By Rafiu Ajakaye
Experts yet again doubt tall claims made by the Nigerian president and the military that the war against Boko Haram has been won.
President Muhammadu Buhari announced last Saturday the capture of the Boko Haram’s historic fortress, the Sambisa Forest, a feat which his critics and admirers admitted was cheery news amid biting economic realities.
The infamous militant camp used to be hugely fortified with military-grade bunkers and an underground tunnel believed to be a long-standing hideout for Boko Haram’s top echelons. But Nigerian troops eventually managed to seize it following an operation that took months to plan.
When the Nigerian troops announced it had overrun the militant stronghold in Sambisa Forest, Buhari said: “I am delighted at, and most proud of the gallant troops of the Nigerian army, on receipt of the long-awaited and most gratifying news of the final crushing of Boko Haram terrorists in their last enclave in Sambisa Forest.”
Soon after reports emerged about the army relocating some 3,000 displaced people back to Damasak in northern Borno, another epicenter of the insurgency where top army officers were killed two months ago. A local commentator called the news “the best ever” in a year plagued by an unfavorable economic situation.
The forest where the army declared itself victorious is estimated to be roughly 6,000 square kilometers (around 2,317 square miles) and spanning five local government areas of Borno State.
“Ladies and gentlemen, we have won the war. We need to win the peace,” Maj.-Gen. Leo Irabor, commander of the troops fighting the insurgents, told a news briefing in Maiduguri, the capital city of Borno, on Wednesday.
Holes in official narrative
Since the declarations of victory have been made, analysts have pointed out various holes in the official narrative.
For example, they raised questions about the army commander's claims his troops recovered a flag and a copy of the Quran that was supposedly abandoned by Boko Haram factional chief Abubakar Shekau "while he escaped”.
Analysts said such comments discredit earlier claims that Shekau had been long killed or dead from injuries.
In fact, Shekau appeared in a new video Thursday, saying he and his fighters were safe, and not crushed as claimed by Nigerian authorities.
Freedom Onuoha, analyst at the University of Nigeria Nsukka, said the dislodging of the militants had marked a major success in the anti-Boko Haram war but he warned against an early victory dance.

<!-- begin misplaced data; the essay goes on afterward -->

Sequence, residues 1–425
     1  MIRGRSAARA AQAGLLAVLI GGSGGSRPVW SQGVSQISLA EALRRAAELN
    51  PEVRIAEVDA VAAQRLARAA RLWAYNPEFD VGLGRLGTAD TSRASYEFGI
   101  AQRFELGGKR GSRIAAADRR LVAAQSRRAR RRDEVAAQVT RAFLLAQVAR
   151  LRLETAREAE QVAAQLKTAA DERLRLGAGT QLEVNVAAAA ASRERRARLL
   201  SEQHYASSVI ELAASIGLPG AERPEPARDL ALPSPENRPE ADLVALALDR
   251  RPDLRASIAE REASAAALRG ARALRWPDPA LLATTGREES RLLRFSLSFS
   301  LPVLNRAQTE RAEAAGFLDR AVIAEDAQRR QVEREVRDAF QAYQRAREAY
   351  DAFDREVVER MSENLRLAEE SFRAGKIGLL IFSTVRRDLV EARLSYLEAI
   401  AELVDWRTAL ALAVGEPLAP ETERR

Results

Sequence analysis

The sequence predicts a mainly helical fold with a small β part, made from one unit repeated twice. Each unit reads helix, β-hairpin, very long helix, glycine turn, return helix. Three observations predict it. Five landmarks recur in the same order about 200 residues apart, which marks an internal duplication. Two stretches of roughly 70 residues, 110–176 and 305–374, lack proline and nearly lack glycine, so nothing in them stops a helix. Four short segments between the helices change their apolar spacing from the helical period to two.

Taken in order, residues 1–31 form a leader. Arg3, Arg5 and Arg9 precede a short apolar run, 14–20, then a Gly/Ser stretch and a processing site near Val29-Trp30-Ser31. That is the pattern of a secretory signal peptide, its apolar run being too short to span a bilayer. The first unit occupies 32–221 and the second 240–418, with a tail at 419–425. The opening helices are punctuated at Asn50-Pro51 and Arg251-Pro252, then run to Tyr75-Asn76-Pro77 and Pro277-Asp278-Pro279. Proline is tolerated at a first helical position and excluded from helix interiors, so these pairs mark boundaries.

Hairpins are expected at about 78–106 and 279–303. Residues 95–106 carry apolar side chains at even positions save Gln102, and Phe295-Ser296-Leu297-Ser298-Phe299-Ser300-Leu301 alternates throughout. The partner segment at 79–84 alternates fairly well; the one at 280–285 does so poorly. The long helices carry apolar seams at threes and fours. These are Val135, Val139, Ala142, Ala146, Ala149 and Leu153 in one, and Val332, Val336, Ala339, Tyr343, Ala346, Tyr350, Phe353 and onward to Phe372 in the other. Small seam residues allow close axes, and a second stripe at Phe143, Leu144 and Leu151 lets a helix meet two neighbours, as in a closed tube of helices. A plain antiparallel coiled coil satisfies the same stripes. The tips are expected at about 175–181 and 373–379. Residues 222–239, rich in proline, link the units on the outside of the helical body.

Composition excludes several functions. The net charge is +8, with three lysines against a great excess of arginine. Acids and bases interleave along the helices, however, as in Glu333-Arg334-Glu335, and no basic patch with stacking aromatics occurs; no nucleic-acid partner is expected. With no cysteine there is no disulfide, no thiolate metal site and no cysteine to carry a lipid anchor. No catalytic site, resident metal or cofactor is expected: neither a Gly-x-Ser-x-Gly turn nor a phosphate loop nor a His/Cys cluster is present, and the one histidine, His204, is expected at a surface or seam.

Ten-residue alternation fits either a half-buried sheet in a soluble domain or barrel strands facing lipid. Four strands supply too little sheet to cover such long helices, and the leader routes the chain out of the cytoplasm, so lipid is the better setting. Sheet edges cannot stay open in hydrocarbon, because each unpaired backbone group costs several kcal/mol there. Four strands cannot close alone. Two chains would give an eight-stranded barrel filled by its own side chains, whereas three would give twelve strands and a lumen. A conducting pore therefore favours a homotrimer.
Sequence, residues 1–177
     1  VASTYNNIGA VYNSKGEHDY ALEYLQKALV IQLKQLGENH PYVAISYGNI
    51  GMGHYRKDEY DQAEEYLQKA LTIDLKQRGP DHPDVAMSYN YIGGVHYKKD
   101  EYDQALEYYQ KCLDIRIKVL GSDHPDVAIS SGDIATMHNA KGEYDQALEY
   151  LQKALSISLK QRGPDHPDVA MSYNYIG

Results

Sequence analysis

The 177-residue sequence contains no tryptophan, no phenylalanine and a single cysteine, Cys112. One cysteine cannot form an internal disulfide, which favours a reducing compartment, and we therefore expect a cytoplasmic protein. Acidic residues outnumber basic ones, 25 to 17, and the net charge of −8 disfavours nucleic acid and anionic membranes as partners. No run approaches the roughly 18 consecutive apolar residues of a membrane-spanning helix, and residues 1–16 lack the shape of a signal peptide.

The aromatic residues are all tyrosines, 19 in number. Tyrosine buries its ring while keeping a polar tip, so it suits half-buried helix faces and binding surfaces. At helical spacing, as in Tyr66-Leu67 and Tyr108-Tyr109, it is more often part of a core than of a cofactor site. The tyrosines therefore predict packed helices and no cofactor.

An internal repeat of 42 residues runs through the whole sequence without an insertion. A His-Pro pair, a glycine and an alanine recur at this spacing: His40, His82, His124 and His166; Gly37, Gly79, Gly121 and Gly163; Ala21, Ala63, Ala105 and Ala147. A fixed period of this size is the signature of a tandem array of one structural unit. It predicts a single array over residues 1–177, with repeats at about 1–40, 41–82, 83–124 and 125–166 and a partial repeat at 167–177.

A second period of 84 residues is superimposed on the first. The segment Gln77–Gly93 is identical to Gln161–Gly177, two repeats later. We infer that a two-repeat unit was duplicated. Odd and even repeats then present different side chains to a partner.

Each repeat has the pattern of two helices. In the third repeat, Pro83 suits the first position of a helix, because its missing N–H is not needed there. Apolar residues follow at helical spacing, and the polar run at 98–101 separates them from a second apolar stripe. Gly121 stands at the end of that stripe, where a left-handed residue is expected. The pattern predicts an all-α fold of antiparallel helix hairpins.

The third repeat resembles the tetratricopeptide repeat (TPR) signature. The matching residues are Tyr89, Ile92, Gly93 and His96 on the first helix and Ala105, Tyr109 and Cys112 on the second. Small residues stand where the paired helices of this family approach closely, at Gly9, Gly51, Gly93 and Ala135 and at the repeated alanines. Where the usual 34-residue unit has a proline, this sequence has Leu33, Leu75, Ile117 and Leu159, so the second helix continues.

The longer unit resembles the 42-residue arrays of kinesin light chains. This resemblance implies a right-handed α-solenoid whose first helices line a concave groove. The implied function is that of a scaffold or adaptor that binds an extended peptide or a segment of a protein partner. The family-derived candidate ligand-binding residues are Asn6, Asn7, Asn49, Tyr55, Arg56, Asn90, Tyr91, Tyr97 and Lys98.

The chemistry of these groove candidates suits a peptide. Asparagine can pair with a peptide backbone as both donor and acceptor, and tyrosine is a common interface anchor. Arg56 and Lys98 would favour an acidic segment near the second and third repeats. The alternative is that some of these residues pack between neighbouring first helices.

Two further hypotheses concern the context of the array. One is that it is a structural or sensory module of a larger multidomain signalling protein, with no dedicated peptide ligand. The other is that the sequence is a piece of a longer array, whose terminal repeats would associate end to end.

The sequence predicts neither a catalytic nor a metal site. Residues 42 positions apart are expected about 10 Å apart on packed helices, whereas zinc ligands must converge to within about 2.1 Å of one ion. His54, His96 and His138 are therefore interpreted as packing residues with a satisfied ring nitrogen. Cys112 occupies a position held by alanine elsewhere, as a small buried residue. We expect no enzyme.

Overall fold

“Given the fact there is no evidence of total annihilation of the militants in that battlefield, I expect the survivors to hunker down for a while in order to re-strategize for a different wave of attacks,” Onuoha told Anadolu Agency.
The expert also spoke of fears of new attacks on “soft targets” in urban and population centers. “Such a new phase will require intensifying intelligence gathering and special operations forces for proactive and timely response to such incidents. I don't think we can put off the switch and go to bed hoping that the insurgency is over,” he added.
Also, he pointed out the recent suicide bombing at a cattle market in Maiduguri that killed only the bomber, just 24 hours after the president's victory over Boko Haram statement, spoke volumes about the need to not celebrate yet.
Multiple militant bases
Ryan Cummings, a Johannesburg-based security analyst, said the narratives about Boko Haram's defeat raise a lot of questions, particularly when the group is known to have established bases and launched attacks across neighboring nations.
“It is also notable that the dismantlement of the Sambisa base has, at least of yet, not culminated with the capture of Abubakar Shekau, Mamaan Nur, [Abu] Musab al-Barnawi or the recovery of any of the remaining Chibok hostages,” Cummings told Anadolu Agency.
Al-Barnawi, scion of the late group leader Mohamed Yusuf, is a leader of a Boko Haram faction and is also said to be recognized by Daesh. Shekau and Al-Barnawi are now said to be fighting each other, with each side accusing the other of going astray, according to locals privy to the development within their ranks.
He also pointed out that while it is true the Sambisa Forest is now in the hands of the army, there is no word about the whereabouts of key Boko Haram commanders on the government’s wanted list.
“Had the Sambisa base been of significant strategic and definitive value to Boko Haram, one would have thought that the liberation of this and the rest of the forest would have culminated with the neutralization of high ranking members and the recovery of the Chibok hostages,” Cummings noted.
“Alas, this has not proved to be the case which should raise questions regarding whether Boko Haram has indeed been crushed in Nigeria,” he added.
Increase in attacks
Last year, the government had made a similar announcement about a technical defeat against the militants, which was then followed by an increase in attacks on troops and suicide bombings.
In remarks made during an interview with BBC Hausa Service on Dec. 24, 2015, Buhari said: "Boko Haram has reverted to using improvised explosive devices (IEDs)....Indoctrinating young guys, they have now been reduced to that. But articulated conventional attacks on centers of communication and populations, they are no longer capable of doing that effectively.
“So I think, technically, we have won because people are going back into their neighborhoods."
However, in a report released early December, a local data agency IBM Intelligence said at least 240 civilians had been killed in various Boko Haram attacks in 2016 alone. Also, at least 45 soldiers were reported missing following an attack on Oct. 17.